{ "ecmaVersion": 5, "libs": [ "browser", "underscore" ], "loadEagerly": [ "src/app/**/*.js" ], "dontLoad": [ "src/app/lib/**/**" ], "plugins": { "complete_strings": {}, "node": {}, "angular": {}, "doc_comment": { "fullDocs": true } } }
What are this Settings

libs Basically this are "static" preparsed codedefinitions, read more here
loadEagerly This is the path where your sourcefiles should be
dontLoad Exclude folderpatterns (your minified stuff should be here, or bower_components)
plugins TernJS has many Plugins to choose from (requireJS, Angular, CommonJS) so it can load and parse the source. Read more here


Use any JavaScript docsystem (yuidoc, jsdoc) to comment your code and add in your .tern-project file doc_commend: { "fullDocs": true } so TernJS spits out the comments and even gives typehinting of your stuff

Very good Sublime Text Plugin for easier commentblock handling i already introduced above

Setup your Projectfile

You should setup an Sublime Text Project file for every of your projects simply because they are available in the project overlay (CTRL + ALT + P), you can use CTRL + SHIFT + R for project wide symbol searching and you can get rid off unwanted Files like node_modules or frontend dependencies in your Quick Filesearch CTRL + P

To make a new project file just open a folder via the filemenu: File -> Open Folder ... after that you can save a project via the filemenu: Project -> Save Project As ... and save the projectfile always in the root of your project.

This is a simple boilerplate for your Sublime Text projectfile (you can edit your projectfile via: Project: Edit Project), how to configure it should be self explaining.

{ "folders": [{ "follow_symlinks": true, "path": "./", "folder_exclude_patterns" : ["lib", "node_modules"] }] }

Setup Sublime Builders

One of the conveniences when you are using IDEs is to compile or debug in your actual development environment.

Sublime Text has a really nice CLI Integration for so called builders.

My favourite 2 Builders which im using are for node-inspector which is actually an node debugger tool (so you can for example debug express applications in your: Chrome DevTools) and BrowserSync for frontend work (so you can view your designs and UI synchronously on multiple devices - and you can even javascript debug them with integrated WEINRE).

Installing NodeJS Modules

Before we can configure them we have to install the node-packages globally first, thats easy accomplished via your CLI: npm install -g browser-sync && npm install -g node-inspector

Builder Configs

After that we edit our projectfile via Project: Edit Project and hang an "build_systems" property after our "folders" property on.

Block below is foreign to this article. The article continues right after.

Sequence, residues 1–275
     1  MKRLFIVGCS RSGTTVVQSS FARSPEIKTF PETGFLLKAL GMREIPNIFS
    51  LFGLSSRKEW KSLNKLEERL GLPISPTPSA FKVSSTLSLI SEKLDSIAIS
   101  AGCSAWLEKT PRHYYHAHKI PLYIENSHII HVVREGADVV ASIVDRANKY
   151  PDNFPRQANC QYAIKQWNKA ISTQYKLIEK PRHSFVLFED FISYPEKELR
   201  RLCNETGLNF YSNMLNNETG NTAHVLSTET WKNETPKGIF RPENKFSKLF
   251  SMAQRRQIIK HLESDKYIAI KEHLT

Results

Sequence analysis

Here is my basic boilerplate file for BrowserSync, starting active file with NodeJS, debugging active file via NodeInspector and break at first Line and debugging "running" express instances. You can also provide your grunt and gulp tasks this way for direct use in Sublime Text.

{ "folders": [ { "follow_symlinks": true, "path": "./", "folder_exclude_patterns" : ["lib", "node_modules"] } ], "build_systems": [ { "name": "Start BrowserSync", "shell_cmd": "browser-sync start --server --directory true --files **/*.css, **/*.js, **/*.html, **/*.less --open index.html", "working_dir": "${file_path}", "shell": true }, { "name": "Start Node", "shell_cmd": "node ${file}", "working_dir": "${file_path}", "shell": true }, { "name": "Debug Express Application", "shell_cmd": "start chrome \"\" && node --debug ${file}", "working_dir": "${file_path}", "shell": true }, { "name": "Debug Node Application", "shell_cmd": "start chrome \"\" && node --debug-brk ${file}", "working_dir": "${file_path}", "shell": true }, { "name": "Grunt Watch", "shell_cmd": "grunt watch", "working_dir": "${project_path}", "shell": true } ] }
Short description to the variables here

${file} Refers always to the file where your cursor actually is
${file_path} Refers always to the path of the file where your cursor actually is
${project_path} Refers always to the path where your Sublime Text project file is saved.

You can find more info about builders here:


One little thing i highly recommend though is to change the "exec quit" button of Sublime Text, otherwise you have to kill all your nodeprocesses manually via taskkill /F /IM node.exe (or killall node).

Which you can archieve with Preferences: Key Bindings - User and providing following line:
{ "keys": ["YOUR SHORTCUT"], "command": "exec", "args": {"kill": true} }

The actual keybinding is CTRL + BREAK which wont function on my QWERTZ layout under Windows, thats why im mentioning it.

When the JSON is valid you should have now your builders in the CTRL + SHIFT + P overlay under
Build With: ------